Mary Marrocco

Mary Marrocco

Dr. Mary Marrocco is an associate secretary for the Canadian Council of Churches. She is also a teacher, writer and lay pastoral worker. Her column, Questioning Faith, features topics about the teachings of our church, scriptures, the lives and writings of the saints and spiritual writers and theologians. She can be reached at marrocco7@sympatico.ca.

Somehow over the Christmas holidays, I become more aware of world conflicts and turmoil. Maybe it’s because our world slows down and I have time to notice. For example, in 1989, the Berlin Wall fell starting Nov. 9, with the Brandenburg Gate opened on Dec. 22 of that year. Over those Christmas holidays the changes in the Eastern bloc dominated the news, especially with the demise on Dec. 25 of Ceaucescu in Romania. 

April 24, 2008

Just say yes

Have you ever said no to God? Consciously, that is, and deliberately. Very likely, most of us have a constant “no” running through our bloodstream, even when we think we’re saying yes. But occasionally we may be aware of ourselves saying no.

At the words of his wife, Jim shrivels inside himself and speaks thereafter in infrequent monosyllables. She thinks he is sullen.

Shawna becomes belligerent when her supervisor criticizes her and stalks out.

It was Sunday morning, and I was leaving the hospital. A woman was sitting in the foyer; she smiled pleasantly, but a bit anxiously, her white hair framing a friendly face. She’d finished her appointment early and wondered when the bus would come to take her to the mall. My car being nearby, I offered her a ride over.

Labour Day came early this year, along with those September-school-starting feelings. Even for those of us who’ve been out of school many years, they can be startling. If you’re a parent of school-age children, perhaps you’ve been “getting them ready,” assisted as always by advertisers who prod weeks early. If you’re not, you may remember the years when you prepared for term-time, possibly with competing feelings. 

October 23, 2008

Life can overcome death

My friend Susan had been thinking about death. “What if there’s nothing after?” she mused to me, with some alarm. “How do we know? I love life — with all its suffering. Life is too wonderful for it just to end in nothing. But how do I know?”

Our culture makes it easy to ignore death (up to a point). The reality of death can get lost among our flurried lives, just another “issue” we might or might not decide to put on today’s to-do list.
November 28, 2008

Who wins at Christmas?

In far-away Turkey, in a certain village, two different images of a gift-giver had a kind of cage-match, and one of them won mightily.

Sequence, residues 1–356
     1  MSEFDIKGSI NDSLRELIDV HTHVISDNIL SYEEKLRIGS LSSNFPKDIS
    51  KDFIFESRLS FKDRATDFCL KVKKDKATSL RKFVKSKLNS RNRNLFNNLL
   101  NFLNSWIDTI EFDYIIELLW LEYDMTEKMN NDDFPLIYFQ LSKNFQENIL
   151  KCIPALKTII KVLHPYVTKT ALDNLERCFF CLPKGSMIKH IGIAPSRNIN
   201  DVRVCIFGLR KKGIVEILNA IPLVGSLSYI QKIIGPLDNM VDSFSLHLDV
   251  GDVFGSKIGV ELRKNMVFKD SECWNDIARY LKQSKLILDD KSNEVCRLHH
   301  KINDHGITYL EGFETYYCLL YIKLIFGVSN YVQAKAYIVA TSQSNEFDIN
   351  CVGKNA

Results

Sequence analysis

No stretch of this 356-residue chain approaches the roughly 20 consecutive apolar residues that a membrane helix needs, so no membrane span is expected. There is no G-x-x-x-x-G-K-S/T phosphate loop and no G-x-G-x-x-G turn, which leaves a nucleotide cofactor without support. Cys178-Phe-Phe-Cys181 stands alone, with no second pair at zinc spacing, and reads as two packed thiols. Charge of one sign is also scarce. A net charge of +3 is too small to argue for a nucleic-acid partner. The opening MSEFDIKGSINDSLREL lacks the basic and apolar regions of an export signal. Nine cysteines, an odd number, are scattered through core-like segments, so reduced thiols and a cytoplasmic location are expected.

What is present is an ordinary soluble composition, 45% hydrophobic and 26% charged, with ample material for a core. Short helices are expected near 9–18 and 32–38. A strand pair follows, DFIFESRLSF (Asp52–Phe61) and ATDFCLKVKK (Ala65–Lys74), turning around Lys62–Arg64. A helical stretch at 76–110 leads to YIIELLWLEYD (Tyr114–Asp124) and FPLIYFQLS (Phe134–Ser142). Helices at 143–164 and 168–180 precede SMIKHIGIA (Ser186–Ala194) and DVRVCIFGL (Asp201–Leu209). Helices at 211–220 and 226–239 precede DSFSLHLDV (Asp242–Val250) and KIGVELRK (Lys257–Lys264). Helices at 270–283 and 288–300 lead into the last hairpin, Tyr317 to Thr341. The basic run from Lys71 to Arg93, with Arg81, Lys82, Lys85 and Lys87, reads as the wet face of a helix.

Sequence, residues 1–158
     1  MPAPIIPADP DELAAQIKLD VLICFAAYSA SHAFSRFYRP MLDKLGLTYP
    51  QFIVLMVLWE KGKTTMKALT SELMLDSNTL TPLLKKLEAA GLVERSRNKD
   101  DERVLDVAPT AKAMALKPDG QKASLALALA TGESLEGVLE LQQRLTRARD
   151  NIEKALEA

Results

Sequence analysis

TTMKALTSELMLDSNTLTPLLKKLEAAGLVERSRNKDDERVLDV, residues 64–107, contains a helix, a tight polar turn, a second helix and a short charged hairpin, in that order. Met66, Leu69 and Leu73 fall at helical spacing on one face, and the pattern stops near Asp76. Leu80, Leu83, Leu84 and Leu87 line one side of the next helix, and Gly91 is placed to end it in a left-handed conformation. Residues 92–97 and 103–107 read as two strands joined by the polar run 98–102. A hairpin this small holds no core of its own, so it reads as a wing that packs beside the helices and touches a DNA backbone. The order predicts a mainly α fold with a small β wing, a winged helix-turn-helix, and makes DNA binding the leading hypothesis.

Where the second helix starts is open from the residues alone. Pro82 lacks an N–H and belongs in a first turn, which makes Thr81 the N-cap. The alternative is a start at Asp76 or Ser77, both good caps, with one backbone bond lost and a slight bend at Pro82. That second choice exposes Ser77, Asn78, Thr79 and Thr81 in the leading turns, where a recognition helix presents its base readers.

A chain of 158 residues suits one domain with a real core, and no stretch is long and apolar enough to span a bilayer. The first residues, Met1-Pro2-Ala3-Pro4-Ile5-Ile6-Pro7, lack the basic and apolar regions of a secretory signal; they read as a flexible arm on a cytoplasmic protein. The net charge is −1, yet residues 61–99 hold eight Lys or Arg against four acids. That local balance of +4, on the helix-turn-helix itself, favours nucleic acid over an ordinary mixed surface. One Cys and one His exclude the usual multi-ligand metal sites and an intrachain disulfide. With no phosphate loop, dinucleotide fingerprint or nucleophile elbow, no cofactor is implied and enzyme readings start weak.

In Demre, near the ancient city of Myra, a bronze statue was donated and set up in the town square. It was a likeness of an ancient bishop, a man of compassion and wisdom. The bishop was St. Nicholas, because Myra was his see in the fourth century, when he is thought to have lived. He stood on top of the world, this lover of the poor, his feet mounted on a globe. Recently, he was taken from this prominent place and put in a back courtyard. Atop a pedestal, in his place, was put a jolly red Santa statue. Apparently the change was made because Santa is more popular and better-known than St Nicholas, his forerunner.

Sometimes it takes a while to see what’s at the end of your nose. I was groaning under the weight of things: impossible duties, unfulfilled hopes, unending worries, immovable problems. My inner chambers had become cramped and narrow, like a house I saw once. It was crammed from floor to ceiling with things, sofas on chairs on tables, broken crates, old hub caps, huddles of books, while the owner lived in narrow crooked pathways carved through the piled mountains. Like the man in the narrow pathways, I felt constricted and controlled, trying to live in tight little mental warrens hemmed in by earthly cares.
February 19, 2009

Following the quest

Two young women were talking: Andrea a petite blonde and an artist, Kelsey a winsome brunette and a manager.

Andrea told of her longing for a soul mate who would connect with her and love her as she was. She wanted to be a person, to be someone. In a way, she sought salve for the perpetual sense of “not good enough” from her parents’ divorce of long ago. She felt like a ball of anger, sometimes. She also felt like a person with a quest, revealed in art. And a quest for the divine, sensed but unexplored. For Andrea, yearning had tipped into addiction. Her best friend was alcohol; when everybody and everything else failed her, the salve was there. Somewhere down deep she hated this best friend, but it seemed to enable.

Two questions have been ringing in my heart.

One came from a gentle, soft-spoken man named Allan. He suffered terribly as a child, abandoned by his parents, in a country at war.  A man of great faith, he works hard to keep from going to hell after death, because “I’ve been in hell, and I don’t want to go there again.”

How do I get out of hell and get to God? Since hell is so prevalent on Earth, it’s an urgent question. I suspect it’s a fairly common one. Not everyone would consider their lives hell. But at least they might ask: How do I get out of suffering and struggle, anxiety and loneliness, depression and suffering, and get to God?